Dorothy also sang a number or two straight out of the Roaring Twenties song book. She was pretty enough to entice younger viewers and their parents and grandparents got to hear the music of their youth. Though the show was set in the Twenties, in style it was not too different from those other Warner Brothers private eye shows of the time, 77 Sunset Strip, Surfside Six, Hawaiian Eye, Bourbon Street Beat, etc.
If you look at the episode list you won't see any names of some of the real gangster names of the times. That was left to the Untouchables. It also left plenty of room for the writer's imagination.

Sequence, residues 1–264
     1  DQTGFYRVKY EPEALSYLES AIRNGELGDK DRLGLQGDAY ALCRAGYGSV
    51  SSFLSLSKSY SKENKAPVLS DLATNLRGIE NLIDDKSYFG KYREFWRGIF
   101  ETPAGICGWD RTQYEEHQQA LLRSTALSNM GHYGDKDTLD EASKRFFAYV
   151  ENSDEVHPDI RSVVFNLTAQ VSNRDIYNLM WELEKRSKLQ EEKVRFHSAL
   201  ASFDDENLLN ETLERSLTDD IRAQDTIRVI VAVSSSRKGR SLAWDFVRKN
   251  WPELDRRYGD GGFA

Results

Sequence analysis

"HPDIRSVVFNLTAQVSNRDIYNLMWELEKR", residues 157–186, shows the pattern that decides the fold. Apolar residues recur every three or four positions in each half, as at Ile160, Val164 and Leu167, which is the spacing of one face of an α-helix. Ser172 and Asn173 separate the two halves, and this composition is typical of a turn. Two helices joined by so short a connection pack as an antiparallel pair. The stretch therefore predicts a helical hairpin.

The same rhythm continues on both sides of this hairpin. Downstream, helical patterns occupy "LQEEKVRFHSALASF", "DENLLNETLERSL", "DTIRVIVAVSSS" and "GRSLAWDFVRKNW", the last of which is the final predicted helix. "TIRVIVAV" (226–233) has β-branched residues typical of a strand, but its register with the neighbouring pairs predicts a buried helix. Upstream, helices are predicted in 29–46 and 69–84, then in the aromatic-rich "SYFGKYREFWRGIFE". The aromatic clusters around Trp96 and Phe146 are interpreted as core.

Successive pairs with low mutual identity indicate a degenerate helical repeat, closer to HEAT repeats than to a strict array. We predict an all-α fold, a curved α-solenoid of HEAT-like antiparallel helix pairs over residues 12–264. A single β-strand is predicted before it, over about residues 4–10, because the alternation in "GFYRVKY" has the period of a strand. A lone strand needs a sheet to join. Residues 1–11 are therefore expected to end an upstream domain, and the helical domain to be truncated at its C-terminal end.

The episode I remember best was one with Claude Akins, a gangster reunited with his son and his new found responsibilities as a father persuade him to give up the life of a wiseguy. Not totally though, because after a trip to Comiskey Park to see the Yankees and Babe Ruth play the White Sox, they then went to Arlington Park to see Earl Sande, the Babe Ruth of jockeys ride a couple of winners home. And earn some money for Akins.
It was a good show, I do wish TV Land Channel would pick it up.